Assaults among inmates in Denver’s jails have increased 784 percent since 2011 and spiked dramatically in the past two years, according to data obtained by The Colorado Independent.
The data also show that inmate-on-staff assaults have jumped 620 percent since 2011 – again, with significant increases since 2015.
The surge in violence comes despite efforts by Michael Hancock’s administration over the past two years to enact reforms meant to make Denver’s troubled jails safer. Those include the 2015 hiring of Sheriff Patrick Firman, whom Hancock has touted as “a change agent.”
In a written statement Monday, the department said it “takes the safety and wellbeing of staff and inmates very seriously” and is “concerned about assaults in our facilities.”
“All correctional facilities are potentially hazardous,” read the email from spokesman Simon Crittle. “That’s why we staff our jails with highly trained law enforcement professionals. They work hard to minimize the risks.”
But several of those professionals say Hancock’s administration hasn’t done enough of its own work to minimize the risks of overcrowding and other safety issues.
“There are fights breaking out on a regular basis,” says sheriff’s Deputy Mike Britton, vice president of Denver’s sheriff’s union local. “You’ve got inmates with shanks, or going hands-on, or throwing chairs, throwing urine or feces or whatever they can to use as a weapon.”
Councilwoman Debbie Ortega said the increasing assault rates raise questions about the efficacy of Hancock’s and Firman’s reform efforts.
“It’s not acceptable to have this kind of violence rising in the jails,” she said. “There needs to be more confidence in the leadership. There needs to be confidence that we’ve got the right people in these positions who know what the hell they’re doing.”
The Independent reported last week on an internal survey showing deputies and other sheriff’s department employees have serious concerns about leadership, overcrowding and safety in Denver’s city and county jails. Respondents’ high level of anxiety about assaults prompted us to file a public records request asking for assault rates from 2011 through 2016.
According to the city’s data, there was a monthly average of 3.66 inmate-on-inmate assaults reported in 2011, and the number has climbed each year since – to 4 in 2012, 6.3 in 2013, and 9.58 in 2014. Assaults spiked to 25.58 in 2015 and to 32.37 in the first eight months of 2016. That’s nearly a ninefold — or 784 percent — increase since 2011.
Inmate assaults on jail staff followed a similar trajectory. The data shows rates of those attacks averaged 1.7 a month in 2011, climbing to 3 in 2012, 3.5 in 2013, and 5 in 2014. Like the assaults between inmates, inmate attacks on staffers jumped dramatically over the past two years, to an average of 9.3 a month in 2015 and to 12.25 monthly in the first eight months of 2016, for a six-year increase of more than sevenfold or 620 percent.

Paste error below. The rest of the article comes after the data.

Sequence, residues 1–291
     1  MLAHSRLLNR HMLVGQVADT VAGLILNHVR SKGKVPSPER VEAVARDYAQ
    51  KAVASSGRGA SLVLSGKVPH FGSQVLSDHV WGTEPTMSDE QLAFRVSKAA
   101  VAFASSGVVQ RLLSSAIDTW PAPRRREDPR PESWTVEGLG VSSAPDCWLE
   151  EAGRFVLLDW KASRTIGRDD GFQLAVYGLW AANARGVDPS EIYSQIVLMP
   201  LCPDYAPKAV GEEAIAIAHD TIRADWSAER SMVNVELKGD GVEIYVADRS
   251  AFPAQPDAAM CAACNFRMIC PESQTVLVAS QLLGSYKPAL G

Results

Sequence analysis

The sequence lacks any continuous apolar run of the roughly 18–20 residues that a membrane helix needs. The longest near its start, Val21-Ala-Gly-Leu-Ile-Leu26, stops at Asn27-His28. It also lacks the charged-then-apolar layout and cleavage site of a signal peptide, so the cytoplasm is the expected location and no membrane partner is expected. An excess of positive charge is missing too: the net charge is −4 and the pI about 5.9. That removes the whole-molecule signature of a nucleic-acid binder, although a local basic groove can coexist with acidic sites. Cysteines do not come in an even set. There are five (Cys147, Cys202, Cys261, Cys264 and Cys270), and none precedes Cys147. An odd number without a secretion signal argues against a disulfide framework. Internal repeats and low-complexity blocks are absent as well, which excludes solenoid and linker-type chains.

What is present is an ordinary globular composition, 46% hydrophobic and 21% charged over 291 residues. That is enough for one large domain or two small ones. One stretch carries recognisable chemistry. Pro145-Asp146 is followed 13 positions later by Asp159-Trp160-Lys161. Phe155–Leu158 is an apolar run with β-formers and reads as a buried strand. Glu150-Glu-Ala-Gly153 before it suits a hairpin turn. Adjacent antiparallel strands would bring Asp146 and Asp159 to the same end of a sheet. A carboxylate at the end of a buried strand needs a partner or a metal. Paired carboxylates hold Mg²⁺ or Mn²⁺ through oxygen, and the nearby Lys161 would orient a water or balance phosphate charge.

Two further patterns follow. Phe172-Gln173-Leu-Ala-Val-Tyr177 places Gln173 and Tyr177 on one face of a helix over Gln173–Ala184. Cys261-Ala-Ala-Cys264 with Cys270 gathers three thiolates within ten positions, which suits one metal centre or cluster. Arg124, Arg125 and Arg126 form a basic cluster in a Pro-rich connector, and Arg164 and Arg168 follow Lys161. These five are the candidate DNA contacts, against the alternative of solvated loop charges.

The city defines physical assaults broadly, ranging from spitting at someone to striking them with an object. Deputies say fights are often spurred by gang tensions, inmates being off their psych medications, or something as simple one inmate snatching food off another’s lunch tray. Longtimers in the department say there has been a proliferation in weapons, but a reluctance by the administration to search for them and weed them out.
The city attributes increasing inmate violence to population growth in Denver. The downtown jail opened in 2010 and was supposed to serve the city’s needs at least until 2035. It has been approaching capacity for two years now. The 2016 daily average headcount within the county jail and the downtown detention facility was a combined 2,221 inmates, 95 percent of capacity, according to city records. Capacity is 2,330 inmates.
The city also cites an increase in mental health and substance abuse challenges among inmates as a cause for the violence.
“Further analysis needs to be conducted on assaults data to determine other underlying factors,” Crittle wrote.
Denver’s City Council and mayor included an additional $24 million in the 2016 budget to pay for comprehensive reforms within the Denver Sheriff’s Department. Asked what the uptick in violence says about the efficacy of the reforms, Crittle wrote: “The reform process has been successful at identifying and addressing challenges the department faces.”
“We still have work to do but are making good progress.”
The Sheriff’s Department says it’s taking appropriate steps to maintain order and safety by having hired more deputies to work in the jails. Current staffing levels were not immediately available, but according to a 2014 Sheriff’s Department annual report, the agency, the state’s largest sheriff’s department, had 726 sworn officers at the end of that year. (Average daily inmate population between its two facilities was 1,522.) This was before the department began its expanded recruitment efforts under the reforms. It also has released a new use of force policy and trained all officers on crisis intervention.